Formerly known as “alimony,” maintenance is financial support given by one spouse to another which is paid as a result of divorce or legal separation. On May 10, 2013, House Bill 13-1058 was signed into law. This Bill will substantially modify the statute which governs maintenance in dissolution or legal separation cases in Colorado (C.R.S. §14-10-114). This change to the statute is set to take effect January 1, 2014 and applies to actions in which a petition for dissolution of marriage, legal separation, or declaration of invalidity, or an action for the initial establishment of maintenance is filed on or after January 1, 2014.
Historically, the Courts have enjoyed wide discretion in the award of maintenance, both in amount and duration. The only phase of a case in which a domestic law practitioner had a level of comfort in the likely maintenance award was the temporary orders phase where the parties had a combined annual income of $75,000.00 or less. In that case, the presumptive maintenance amount is calculated by taking 40% of the higher earner’s monthly income and subtracting 50% of the lower earner’s monthly income. This calculation results in a presumptive maintenance for the temporary orders phase only. Cases falling outside of this limited circumstance were subject to very wide discretion of the Court. Indeed, a similar set of circumstances may receive a far different maintenance order by one judge than another.
The Colorado legislature enacted H.B. 13-1058 to establish a more detailed statutory framework, including advisory guidelines for the amount and term of maintenance in certain cases. The hope is a more fair, equitable and consistent maintenance order across Colorado. Time will tell if this stated goal is accomplished.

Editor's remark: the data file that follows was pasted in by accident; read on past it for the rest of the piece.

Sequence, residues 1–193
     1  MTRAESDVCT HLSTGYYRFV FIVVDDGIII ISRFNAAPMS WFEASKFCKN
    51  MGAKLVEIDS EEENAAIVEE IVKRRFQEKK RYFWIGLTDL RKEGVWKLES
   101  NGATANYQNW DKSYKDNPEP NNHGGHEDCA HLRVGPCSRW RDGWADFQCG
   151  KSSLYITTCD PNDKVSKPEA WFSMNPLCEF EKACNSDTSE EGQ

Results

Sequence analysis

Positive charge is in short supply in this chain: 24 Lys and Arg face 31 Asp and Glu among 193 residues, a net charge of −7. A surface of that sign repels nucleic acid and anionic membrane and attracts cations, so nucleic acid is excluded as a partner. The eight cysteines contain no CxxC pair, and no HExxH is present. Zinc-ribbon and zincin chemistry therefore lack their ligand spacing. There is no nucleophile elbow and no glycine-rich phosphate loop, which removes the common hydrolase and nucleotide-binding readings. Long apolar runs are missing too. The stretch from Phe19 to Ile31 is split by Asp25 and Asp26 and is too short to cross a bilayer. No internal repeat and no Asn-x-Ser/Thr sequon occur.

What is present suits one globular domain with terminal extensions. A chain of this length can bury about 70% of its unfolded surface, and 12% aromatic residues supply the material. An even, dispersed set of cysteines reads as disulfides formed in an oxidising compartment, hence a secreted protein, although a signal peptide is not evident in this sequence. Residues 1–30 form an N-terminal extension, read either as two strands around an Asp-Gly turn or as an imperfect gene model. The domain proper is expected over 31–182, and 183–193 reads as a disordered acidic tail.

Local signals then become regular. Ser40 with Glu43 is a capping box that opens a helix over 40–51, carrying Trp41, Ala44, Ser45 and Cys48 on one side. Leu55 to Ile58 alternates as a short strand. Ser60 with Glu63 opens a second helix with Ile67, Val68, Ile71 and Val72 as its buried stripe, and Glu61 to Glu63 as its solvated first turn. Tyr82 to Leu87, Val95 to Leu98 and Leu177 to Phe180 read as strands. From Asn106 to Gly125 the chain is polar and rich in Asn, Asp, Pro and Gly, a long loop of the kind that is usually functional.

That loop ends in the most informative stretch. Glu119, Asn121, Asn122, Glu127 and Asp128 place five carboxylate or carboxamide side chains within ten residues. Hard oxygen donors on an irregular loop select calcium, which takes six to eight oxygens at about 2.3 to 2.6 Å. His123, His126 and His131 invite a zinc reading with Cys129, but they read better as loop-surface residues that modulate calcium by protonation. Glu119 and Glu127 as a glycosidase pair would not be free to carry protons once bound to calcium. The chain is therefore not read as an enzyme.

The new changes insert a guideline for maintenance amounts and duration for parties with a combined annual gross income of up to $240,000.00 whose marriage has lasted between 3 years and 20 years. The guideline is a grid incorporating months of marriage and a guideline term of maintenance. At first review, the changes seem to favor lower-earners. The maintenance guidelines result in maintenance length and amounts much higher than many jurisdictions in the Front Range are accustomed. Upon a closer review, however, there are many exceptions to the guidelines written into the statute. The maintenance guidelines are not a presumptive amount; they are merely guidelines. Courts still retain the ability to review each case for equity. Further, the Court must still consider many of the same factors in entering a maintenance order as contemplated by the previous maintenance statute. Likely, courts will hear argument as to why the maintenance guidelines should not apply to nearly every case litigated in Colorado.
Time will tell if the new modifications result in a more predictable system of maintenance or if the new changes are used as little more than a starting point to interpret the old system of maintenance. More predictability and less litigation? We shall see.
For more information contact: William E. Smith, Esq. 720.542.6142 www.Divorce-Matters.com